So, the room that once hosted these depictions of previous university presidents is going to be transformed into “a series of rotating exhibitions” that will instead depict “the story of underrepresented communities at Tufts”:

“While the Coolidge Room will no longer house portraits of former university presidents, it remains the symbolic center of the university and its seat of power.

“As such, the Public Art Committee recommends that the space reflect the work happening on campus and that new installations must center marginalized voices from the university’s past and present.

“To that end, we recommend a series of rotating exhibitions of images and objects from the University Archives that tell the story of underrepresented communities at Tufts.”

As for the fate of the old portraits that once adorned the Coolidge Room at the university, the university is still trying to determine where eight of the 11 will be portraits will be hung as three have been placed elsewhere within Ballou Hall:

“For the 11 presidential portraits that were formerly housed in the Coolidge Room, three of them—Jean Mayer, John DiBiaggio, and Larry Bacow—will remain at Ballou Hall.

“The PAC recommends re-siting individual paintings when and if possible, and we are exploring these options with locations and academic departments as appropriate.”

The bizarre steps being considered don’t just end with paintings being removed in the quest to become an anti-racist institution. The university is also considering a complete disarming of campus police officers

This notion is being considered by university officials because “recent events have led many universities and their communities to reconsider the need and appropriateness of armed officers.”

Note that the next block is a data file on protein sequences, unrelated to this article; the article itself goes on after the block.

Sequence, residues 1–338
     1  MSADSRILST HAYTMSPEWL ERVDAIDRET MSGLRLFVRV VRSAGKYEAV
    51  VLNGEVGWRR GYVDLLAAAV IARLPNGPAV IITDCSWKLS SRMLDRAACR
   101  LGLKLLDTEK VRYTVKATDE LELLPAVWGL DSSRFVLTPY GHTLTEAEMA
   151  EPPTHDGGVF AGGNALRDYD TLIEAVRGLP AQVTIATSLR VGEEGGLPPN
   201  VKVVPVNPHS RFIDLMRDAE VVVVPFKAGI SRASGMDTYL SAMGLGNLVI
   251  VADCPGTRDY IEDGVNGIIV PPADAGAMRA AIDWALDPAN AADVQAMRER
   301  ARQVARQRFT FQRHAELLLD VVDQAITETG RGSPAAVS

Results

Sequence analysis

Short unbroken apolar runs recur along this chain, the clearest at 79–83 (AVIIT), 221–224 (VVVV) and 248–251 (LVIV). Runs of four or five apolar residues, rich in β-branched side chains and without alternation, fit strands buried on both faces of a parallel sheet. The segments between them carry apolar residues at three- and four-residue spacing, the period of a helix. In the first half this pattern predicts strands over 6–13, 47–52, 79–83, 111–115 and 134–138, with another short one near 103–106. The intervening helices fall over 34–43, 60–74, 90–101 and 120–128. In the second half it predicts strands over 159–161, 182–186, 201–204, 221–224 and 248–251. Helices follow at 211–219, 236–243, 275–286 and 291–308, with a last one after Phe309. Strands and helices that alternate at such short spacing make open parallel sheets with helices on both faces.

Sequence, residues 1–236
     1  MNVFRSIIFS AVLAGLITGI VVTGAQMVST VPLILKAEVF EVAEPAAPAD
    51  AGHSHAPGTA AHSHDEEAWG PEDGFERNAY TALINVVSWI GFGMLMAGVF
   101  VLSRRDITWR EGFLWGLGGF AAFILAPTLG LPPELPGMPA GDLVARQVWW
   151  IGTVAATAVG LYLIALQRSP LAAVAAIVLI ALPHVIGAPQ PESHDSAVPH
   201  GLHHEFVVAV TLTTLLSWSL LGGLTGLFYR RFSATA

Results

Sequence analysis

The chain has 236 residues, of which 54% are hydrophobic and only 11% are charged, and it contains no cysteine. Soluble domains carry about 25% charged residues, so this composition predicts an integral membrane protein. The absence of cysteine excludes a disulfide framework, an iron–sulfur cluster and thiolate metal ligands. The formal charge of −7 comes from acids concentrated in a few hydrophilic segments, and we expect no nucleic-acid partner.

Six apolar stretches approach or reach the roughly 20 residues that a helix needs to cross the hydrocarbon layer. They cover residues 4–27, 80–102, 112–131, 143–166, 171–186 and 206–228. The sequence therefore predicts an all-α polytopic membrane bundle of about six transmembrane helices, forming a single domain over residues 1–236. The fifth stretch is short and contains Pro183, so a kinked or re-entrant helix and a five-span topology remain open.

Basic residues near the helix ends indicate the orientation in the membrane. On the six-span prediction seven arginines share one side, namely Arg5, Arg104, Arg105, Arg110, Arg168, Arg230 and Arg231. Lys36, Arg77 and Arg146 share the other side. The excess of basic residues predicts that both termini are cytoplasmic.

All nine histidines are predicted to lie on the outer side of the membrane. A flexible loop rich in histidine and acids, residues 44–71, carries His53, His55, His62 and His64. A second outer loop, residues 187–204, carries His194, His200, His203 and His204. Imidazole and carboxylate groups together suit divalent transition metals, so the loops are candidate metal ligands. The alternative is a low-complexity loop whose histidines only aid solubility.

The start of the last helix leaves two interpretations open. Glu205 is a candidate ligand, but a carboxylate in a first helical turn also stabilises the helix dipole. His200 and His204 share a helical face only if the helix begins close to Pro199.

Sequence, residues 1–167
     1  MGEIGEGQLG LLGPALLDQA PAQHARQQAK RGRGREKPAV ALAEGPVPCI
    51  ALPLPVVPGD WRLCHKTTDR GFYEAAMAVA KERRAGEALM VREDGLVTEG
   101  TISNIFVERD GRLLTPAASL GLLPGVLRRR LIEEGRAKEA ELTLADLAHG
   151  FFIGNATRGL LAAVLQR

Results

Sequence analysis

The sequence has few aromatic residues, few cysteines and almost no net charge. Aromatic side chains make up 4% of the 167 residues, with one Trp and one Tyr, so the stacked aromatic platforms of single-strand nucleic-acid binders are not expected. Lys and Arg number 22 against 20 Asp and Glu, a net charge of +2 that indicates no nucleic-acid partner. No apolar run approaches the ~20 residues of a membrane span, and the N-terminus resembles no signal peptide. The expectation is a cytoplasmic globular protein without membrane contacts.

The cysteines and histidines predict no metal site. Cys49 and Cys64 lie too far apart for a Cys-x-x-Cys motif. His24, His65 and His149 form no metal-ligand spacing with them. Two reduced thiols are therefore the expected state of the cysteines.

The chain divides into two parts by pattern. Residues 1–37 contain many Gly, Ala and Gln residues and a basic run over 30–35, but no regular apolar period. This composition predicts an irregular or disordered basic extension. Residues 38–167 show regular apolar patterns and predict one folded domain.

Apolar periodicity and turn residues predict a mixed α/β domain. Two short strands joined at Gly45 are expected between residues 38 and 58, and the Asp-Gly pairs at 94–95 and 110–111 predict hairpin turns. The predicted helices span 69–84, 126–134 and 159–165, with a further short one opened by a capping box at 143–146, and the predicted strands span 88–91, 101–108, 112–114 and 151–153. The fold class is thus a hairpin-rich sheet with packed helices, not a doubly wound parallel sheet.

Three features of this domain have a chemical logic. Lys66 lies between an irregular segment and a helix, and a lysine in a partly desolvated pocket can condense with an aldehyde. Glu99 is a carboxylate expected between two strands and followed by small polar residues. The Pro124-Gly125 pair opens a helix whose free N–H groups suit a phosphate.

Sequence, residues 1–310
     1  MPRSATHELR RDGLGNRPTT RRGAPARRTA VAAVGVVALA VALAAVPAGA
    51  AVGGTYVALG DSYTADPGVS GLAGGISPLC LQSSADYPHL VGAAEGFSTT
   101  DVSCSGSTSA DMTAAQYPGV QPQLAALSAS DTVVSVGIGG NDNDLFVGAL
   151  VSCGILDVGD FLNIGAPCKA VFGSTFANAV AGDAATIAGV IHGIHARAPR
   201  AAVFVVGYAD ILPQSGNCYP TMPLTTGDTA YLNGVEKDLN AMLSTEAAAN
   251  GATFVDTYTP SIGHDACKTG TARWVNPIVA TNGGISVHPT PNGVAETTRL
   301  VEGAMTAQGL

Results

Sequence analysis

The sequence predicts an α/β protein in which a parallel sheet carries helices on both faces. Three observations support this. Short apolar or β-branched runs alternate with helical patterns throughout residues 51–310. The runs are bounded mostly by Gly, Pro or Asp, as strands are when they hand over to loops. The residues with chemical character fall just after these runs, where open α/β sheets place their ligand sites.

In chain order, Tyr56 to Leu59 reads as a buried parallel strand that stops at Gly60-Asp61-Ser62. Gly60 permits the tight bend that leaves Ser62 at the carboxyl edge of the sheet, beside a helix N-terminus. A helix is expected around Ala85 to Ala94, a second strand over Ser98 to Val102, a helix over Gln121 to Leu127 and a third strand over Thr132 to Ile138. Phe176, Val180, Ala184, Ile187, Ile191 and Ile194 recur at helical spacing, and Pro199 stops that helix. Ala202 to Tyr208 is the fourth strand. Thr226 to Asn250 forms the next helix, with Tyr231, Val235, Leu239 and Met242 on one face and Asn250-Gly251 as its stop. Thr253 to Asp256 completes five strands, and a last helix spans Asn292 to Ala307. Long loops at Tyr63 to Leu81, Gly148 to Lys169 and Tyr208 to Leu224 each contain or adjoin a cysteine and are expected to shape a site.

According to the Campus Safety and Policing report, armed police officers on campus “often cause apprehension and concern for members of our community.”

After employing research into potential campus police controversies, we at Law Enforcement Today couldn’t identify any instances when Tufts’ campus police actually shot a student. So, it’s unclear where this “apprehension” is actually stemming from with respect to armed campus police officers at the university. 

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In other news related to college-related fiascos, a university president literally issued an apology because of a snowball fight earlier in 2021 that caused outrage over pandemic concerns. 

Here’s that previous report. 


LYNCHBURG, VA – Things snowballed out of hand at Liberty University on Sunday and forced the university president to issue an apology. An uproar grew after students were photographed having a massive snowball fight without taking pandemic precautions.

Photographs of students gathered without masks and without social distance were shared on social media following a massive snowball fight on the university campus. Liberty University Acting President Jerry Prevo issued a statement taking full responsibility for the lack of precautions and called the event “a mistake”: